weld (n.2)
"joint formed by welding," 1831, from weld (v.).
weld (v.)
1590s, "unite or consolidate by hammering or compression, often after softening by heating," alteration of well (v.) "to boil, rise;" influenced by past participle form welled. Related: Welded; welding.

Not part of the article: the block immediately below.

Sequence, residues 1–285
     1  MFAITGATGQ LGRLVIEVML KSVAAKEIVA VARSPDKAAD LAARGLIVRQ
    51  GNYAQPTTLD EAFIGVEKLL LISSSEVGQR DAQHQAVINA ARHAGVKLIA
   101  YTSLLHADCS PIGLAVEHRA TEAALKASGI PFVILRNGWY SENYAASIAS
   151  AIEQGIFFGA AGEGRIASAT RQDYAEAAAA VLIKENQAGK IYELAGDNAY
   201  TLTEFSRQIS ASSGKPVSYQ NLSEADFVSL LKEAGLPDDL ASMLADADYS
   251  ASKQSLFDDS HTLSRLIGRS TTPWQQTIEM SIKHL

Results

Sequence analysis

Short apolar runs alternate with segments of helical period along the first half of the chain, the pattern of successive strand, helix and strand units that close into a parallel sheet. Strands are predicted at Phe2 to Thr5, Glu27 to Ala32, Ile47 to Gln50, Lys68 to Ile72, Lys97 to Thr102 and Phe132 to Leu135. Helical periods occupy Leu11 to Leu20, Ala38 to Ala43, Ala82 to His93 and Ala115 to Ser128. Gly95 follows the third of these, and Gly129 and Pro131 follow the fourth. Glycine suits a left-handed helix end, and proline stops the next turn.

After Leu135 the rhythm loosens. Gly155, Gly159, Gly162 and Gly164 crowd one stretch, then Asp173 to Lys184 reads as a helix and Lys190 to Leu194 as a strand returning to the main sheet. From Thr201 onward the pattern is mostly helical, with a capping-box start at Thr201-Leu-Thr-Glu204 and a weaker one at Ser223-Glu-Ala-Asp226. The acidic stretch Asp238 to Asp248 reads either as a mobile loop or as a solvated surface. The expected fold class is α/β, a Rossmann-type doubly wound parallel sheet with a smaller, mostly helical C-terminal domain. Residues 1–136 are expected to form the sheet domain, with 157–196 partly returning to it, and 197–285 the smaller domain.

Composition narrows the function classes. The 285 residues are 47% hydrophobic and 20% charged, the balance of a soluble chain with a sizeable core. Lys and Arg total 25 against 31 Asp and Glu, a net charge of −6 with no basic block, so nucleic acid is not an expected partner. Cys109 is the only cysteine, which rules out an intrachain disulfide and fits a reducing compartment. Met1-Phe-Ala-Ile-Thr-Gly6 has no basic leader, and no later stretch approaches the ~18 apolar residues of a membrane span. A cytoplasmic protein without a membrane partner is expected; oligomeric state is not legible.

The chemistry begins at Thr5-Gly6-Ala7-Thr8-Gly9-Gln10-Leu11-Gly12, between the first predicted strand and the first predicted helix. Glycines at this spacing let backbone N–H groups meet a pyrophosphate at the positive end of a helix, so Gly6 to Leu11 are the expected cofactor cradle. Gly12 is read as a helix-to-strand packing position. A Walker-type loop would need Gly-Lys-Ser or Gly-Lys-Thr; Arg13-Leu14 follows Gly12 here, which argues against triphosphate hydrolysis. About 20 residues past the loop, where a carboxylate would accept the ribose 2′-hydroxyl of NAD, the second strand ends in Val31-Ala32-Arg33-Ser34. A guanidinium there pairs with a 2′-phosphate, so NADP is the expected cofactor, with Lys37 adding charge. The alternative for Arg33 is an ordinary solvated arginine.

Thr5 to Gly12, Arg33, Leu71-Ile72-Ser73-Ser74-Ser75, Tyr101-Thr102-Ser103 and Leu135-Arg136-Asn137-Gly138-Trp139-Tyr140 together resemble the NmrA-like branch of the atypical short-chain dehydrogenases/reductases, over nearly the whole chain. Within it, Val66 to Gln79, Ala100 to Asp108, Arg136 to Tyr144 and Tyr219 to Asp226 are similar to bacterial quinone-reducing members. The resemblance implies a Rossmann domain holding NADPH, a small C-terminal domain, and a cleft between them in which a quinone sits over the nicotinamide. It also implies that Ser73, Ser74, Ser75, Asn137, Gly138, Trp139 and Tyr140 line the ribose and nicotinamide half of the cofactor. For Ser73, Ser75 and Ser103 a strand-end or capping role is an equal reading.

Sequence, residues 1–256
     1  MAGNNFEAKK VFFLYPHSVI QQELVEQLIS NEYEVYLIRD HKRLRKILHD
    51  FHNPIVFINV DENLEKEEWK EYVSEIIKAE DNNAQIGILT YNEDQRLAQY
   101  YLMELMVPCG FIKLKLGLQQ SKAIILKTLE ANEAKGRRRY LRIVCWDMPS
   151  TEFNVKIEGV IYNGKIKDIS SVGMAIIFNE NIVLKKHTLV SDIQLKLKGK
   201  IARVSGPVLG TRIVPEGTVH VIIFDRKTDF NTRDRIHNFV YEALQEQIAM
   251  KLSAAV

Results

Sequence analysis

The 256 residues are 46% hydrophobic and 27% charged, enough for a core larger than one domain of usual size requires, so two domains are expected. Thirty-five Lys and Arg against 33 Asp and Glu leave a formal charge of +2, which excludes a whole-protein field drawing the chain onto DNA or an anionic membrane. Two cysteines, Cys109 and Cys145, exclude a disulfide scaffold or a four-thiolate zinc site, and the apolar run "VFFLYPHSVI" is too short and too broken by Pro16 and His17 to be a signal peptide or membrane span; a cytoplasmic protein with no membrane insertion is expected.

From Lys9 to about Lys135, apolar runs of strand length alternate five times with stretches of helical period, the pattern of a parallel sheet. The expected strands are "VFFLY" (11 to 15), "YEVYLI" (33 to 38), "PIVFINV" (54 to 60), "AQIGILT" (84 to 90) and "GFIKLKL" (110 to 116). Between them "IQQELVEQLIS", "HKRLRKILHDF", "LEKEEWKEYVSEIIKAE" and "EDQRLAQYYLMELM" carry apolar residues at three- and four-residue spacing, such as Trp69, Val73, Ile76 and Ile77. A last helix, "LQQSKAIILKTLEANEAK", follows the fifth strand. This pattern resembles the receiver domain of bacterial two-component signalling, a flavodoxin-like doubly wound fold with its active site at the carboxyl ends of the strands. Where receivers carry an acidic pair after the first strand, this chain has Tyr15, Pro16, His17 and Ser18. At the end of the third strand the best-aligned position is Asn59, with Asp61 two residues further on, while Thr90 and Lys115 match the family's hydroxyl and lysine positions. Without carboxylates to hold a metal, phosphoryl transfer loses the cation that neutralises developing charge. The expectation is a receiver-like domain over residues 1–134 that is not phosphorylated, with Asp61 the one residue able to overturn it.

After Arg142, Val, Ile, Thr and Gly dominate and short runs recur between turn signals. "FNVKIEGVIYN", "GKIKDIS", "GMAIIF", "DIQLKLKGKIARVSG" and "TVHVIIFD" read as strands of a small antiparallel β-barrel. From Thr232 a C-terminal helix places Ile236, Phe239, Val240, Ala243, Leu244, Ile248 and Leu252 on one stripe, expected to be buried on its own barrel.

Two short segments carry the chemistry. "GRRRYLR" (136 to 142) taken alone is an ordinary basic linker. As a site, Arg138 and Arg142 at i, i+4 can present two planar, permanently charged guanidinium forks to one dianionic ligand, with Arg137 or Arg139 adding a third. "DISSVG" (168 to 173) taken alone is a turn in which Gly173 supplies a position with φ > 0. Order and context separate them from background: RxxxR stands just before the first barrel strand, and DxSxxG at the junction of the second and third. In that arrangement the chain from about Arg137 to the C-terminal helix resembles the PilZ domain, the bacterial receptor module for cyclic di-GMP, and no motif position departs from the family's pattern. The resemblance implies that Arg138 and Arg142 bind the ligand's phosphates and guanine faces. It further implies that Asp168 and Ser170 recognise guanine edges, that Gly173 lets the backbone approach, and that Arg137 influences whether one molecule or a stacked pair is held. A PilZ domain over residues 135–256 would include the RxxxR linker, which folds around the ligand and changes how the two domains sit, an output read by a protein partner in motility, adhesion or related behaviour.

weld (n.1)
plant (Resedo luteola) producing yellow dye, late 14c., from Old English *wealde, perhaps a variant of Old English wald "forest" (see wold). Spanish gualda, French gaude are Germanic loan-words.